Programme Approach

In line with Global Strategy and International Development Targets, Raising Africa ensures that its Programmes are in line with the Sustainable Development Goals including the strategies and Uganda’s second National Development Plan 2014/2015 to 2019/2020. The organization focuses on the following programme areas: Agriculture, Environment and Natural Resource Management and Climate change; Education and Skills development; Water, Sanitation and Hygiene and Health. It also pursues the following cross cutting themes: Advocacy, Youth Issues; Equality & Women empowerment, Disaster Risk Reduction & Humanitarian Response, Rights Based Approach and Organizational Learning.

Targeting

In spite of the fact that poverty levels in Uganda have fallen, the situation faced by the extremely poor has changed little, these chronically poor people are locked into poverty, whereby government national Programmes alone are unlikely to have a tangible impact on their lives. Similarly, Uganda’s Human Development Indicators (HDI) have been among the poorest in the world. Uganda’s 2013 HDI of 0.484 is below the average of 0.493 for countries in the low Human Development Index Group and below the average of 0.502 for countries in sub-Saharan Africa.

Where we work

Raising Africa is not limited to where it operates in Uganda but it endeavors to target the poorest districts of the country as first priority. It overlooks this condition in instances of responding to emergencies. Human Development Indicators for different regions and districts are employed in decision making. Raising Africa harbor dreams of working beyond Uganda in the very near future.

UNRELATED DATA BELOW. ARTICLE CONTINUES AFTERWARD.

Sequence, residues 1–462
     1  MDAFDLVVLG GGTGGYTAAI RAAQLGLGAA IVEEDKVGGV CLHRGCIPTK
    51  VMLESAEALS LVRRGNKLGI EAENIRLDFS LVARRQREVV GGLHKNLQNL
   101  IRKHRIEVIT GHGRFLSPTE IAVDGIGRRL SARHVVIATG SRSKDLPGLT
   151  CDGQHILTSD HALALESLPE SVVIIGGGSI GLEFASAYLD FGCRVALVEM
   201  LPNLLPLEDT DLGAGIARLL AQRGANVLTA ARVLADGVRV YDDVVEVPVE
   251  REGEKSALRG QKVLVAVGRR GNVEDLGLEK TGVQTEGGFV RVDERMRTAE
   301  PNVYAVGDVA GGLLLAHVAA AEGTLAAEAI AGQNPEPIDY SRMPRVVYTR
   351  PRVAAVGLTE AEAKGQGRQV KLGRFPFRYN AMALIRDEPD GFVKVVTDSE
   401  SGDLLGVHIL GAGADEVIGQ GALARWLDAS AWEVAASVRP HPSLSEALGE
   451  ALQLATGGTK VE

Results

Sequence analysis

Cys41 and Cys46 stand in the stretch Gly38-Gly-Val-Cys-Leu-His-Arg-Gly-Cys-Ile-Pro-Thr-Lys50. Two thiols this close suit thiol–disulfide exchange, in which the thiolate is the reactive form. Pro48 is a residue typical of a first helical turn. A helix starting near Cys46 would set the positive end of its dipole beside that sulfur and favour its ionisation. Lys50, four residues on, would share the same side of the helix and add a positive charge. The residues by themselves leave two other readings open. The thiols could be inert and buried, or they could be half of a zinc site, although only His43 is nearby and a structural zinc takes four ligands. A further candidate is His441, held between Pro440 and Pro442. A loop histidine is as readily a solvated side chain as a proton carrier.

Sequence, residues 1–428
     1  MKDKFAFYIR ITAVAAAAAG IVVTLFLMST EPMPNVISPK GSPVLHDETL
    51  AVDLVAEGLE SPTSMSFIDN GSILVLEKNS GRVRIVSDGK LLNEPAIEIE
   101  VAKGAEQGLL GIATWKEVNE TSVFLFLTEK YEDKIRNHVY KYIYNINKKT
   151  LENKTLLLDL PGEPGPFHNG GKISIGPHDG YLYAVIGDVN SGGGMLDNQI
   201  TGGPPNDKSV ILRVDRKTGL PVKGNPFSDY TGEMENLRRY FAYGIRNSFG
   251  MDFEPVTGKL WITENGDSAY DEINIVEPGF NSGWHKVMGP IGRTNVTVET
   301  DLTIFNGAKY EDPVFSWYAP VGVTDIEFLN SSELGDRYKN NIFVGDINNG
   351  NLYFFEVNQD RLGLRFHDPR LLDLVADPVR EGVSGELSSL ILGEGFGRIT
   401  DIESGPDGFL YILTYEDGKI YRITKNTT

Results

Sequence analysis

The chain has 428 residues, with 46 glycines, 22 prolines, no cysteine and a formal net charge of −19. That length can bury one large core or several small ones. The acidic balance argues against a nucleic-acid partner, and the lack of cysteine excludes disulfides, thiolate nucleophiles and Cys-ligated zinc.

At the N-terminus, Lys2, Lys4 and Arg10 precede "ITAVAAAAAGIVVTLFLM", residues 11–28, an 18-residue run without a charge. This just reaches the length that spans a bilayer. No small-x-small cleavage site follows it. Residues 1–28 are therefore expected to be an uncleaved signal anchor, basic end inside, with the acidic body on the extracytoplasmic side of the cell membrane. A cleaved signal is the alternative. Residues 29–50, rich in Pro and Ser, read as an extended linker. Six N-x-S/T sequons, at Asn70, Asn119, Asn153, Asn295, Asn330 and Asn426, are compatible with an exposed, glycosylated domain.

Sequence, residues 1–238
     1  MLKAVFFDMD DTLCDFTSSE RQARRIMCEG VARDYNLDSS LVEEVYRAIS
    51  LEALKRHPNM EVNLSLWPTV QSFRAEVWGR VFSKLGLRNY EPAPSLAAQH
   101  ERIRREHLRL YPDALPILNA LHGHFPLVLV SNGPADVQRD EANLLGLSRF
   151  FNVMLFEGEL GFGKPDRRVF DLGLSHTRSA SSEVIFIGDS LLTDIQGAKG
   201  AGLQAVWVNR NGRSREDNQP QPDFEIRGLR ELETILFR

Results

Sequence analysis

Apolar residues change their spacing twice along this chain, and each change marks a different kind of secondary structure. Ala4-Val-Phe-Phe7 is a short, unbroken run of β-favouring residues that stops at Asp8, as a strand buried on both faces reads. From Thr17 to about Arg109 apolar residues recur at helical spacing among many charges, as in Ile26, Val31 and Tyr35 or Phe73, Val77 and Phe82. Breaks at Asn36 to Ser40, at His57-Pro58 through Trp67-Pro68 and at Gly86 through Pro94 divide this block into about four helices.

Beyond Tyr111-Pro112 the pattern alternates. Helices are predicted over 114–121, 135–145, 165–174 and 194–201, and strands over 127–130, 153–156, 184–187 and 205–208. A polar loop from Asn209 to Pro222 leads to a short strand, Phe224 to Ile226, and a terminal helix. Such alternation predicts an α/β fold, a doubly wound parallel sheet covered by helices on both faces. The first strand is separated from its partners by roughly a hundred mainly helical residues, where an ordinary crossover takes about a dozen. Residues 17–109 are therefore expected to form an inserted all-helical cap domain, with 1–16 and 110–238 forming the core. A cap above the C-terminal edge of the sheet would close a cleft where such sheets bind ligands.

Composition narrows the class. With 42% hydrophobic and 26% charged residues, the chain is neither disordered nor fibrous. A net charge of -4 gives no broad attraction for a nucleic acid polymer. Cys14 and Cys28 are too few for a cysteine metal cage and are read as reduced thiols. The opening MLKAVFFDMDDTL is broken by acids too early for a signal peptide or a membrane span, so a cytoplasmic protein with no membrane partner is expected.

Who we work with      

Raising Africa is committed to working with the poorest 5-10% of the population. Targeting of the very poor is one of our primary criteria in terms of partner selection and programme implementation. While it may be unrealistic to expect all Programmes to target only the extreme poor, Raising Africa will make a commitment to actively include the extreme poor in all its interventions.

This will be achieved in part by working in much poorer districts and can also be achieved by targeting certain vulnerable groups such as orphans and Vulnerable Children, disabled, female headed households and People living With HIV and AIDS. However, this will not be enough; Raising Africa commits itself to undertaking poverty analyses which identify the extreme poor, thereby generating more detailed desegregated data and enabling better project design to monitor progress in poverty alleviation and impact. In our analyses we must be open to the fact that extreme poverty is not only defined by money; we should also consider other factors such as empowerment, gender, disability, HIV and AIDS.

The argument for such vigorous targeting must be that Raising Africa is unlikely to have a major influence on all the poor of a country anyway and we know that shallow interventions are unlikely to have a sustainable impact on the extreme poor.  Extreme poor people are born poor and will remain so unless great efforts are made to identify the root causes and provide consistent support, resources, capacity building and empowerment; we have to recognise that one pig or a small loan will not be enough to break the multi-generational poverty; they will remain poor and so will their children.

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